The down payment is a portion of the price of the home that you pay upfront. Although 20% is considered the “gold standard” down payment to make, you can get a mortgage and buy a home putting down a smaller amount, in some cases, as little as 3%. The bigger your down payment, the lower the cost of your mortgage.
Earnest money is a portion of the sale price of the home that a buyer pays upfront, after the seller accepts their offer. The deposit shows that a buyer is serious and allows the seller to take the home off the market. If the buyer backs out of the sale, the seller gets to keep the earnest money. If the sale falls through because of the seller or because of an agreed-upon contingency, the buyer gets the earnest money back.
Equity is the difference between a home’s value and the amount a person owes on the mortgage. As homeowners pay down the mortgage principal, they can leverage their equity by borrowing against it.
A lender might set up an escrow account where they hold money that goes toward your property tax payments and homeowners insurance premiums. Each month, your mortgage payment includes an amount that goes into escrow. When insurance or property taxes are due, the lender pays the insurance company or government with funds from your escrow account.
Fair Market Value
Fair market value is how much your home is likely to sell for if you put it on the market. The fair market value might be the same as appraised value, but it might also be higher.
Federal Housing Administration
The Federal Housing Administration (FHA) is a government agency created to guarantee mortgages and help people who don’t qualify for other types of mortgages to buy a home. Under the FHA loan program, the agency guarantees loans made by private lenders, offering to pay the loans if the borrower defaults. People who take out FHA loans need to pay an upfront mortgage insurance premium as well as a mortgage insurance premium for the life of the loan.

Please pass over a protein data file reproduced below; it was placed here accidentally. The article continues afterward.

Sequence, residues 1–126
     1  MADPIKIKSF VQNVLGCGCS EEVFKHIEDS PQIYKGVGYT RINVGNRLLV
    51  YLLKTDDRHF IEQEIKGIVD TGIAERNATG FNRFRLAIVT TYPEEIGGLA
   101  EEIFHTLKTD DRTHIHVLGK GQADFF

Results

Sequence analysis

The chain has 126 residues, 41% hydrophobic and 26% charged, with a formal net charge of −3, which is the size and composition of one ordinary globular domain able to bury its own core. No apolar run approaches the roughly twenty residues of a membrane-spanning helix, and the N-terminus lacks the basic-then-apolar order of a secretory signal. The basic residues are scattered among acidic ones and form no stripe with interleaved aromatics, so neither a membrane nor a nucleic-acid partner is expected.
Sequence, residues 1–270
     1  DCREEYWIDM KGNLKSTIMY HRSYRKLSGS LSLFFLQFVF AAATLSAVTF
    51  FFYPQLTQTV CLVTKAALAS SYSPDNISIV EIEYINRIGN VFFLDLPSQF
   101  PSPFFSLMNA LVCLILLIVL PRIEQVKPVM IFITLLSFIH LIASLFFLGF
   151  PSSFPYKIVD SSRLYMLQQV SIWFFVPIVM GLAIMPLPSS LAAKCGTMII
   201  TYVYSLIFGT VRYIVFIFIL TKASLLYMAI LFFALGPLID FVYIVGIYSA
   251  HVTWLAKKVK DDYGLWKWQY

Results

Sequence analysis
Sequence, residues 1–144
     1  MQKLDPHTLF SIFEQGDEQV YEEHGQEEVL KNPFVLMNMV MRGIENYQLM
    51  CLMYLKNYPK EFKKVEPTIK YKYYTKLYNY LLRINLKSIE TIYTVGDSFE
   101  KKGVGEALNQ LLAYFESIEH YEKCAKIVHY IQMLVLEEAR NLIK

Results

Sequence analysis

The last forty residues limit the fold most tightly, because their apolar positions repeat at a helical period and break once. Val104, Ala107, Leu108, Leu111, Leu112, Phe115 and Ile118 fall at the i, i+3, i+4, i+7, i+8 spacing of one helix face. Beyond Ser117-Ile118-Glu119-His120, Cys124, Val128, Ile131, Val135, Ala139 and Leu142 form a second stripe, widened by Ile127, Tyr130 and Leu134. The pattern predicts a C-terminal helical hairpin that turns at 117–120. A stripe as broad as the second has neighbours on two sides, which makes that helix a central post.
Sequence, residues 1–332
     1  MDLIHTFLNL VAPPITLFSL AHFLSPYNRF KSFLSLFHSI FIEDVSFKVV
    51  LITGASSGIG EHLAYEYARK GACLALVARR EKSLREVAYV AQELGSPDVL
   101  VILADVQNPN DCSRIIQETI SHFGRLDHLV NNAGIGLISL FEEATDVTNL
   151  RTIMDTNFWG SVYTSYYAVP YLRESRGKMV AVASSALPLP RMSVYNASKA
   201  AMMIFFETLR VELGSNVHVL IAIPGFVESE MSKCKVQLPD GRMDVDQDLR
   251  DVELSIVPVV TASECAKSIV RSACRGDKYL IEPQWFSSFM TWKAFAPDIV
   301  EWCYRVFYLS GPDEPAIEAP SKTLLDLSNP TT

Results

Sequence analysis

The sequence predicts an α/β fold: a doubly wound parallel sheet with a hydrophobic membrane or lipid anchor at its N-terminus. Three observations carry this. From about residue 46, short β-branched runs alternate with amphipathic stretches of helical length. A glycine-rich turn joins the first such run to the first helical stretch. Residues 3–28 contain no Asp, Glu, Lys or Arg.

A fixed-rate mortgage has an interest rate that remains the same for the entire term of the loan. With a fixed-rate home loan, you can lock in a low rate when interest rates are low. If you buy when rates are higher, you might refinance later if rates drop.
If a borrower stops making payments on the mortgage, the lender can foreclose on the loan, meaning the lender takes control of the property. During the foreclosure process, the lender will try to gain back the balance owed on the loan, often by selling the property.
Good Faith Estimate
A good faith estimate is a form a lender provides when a person applies for a mortgage or reverse mortgage. It provides a detailed list of the costs that might be connected to the loan.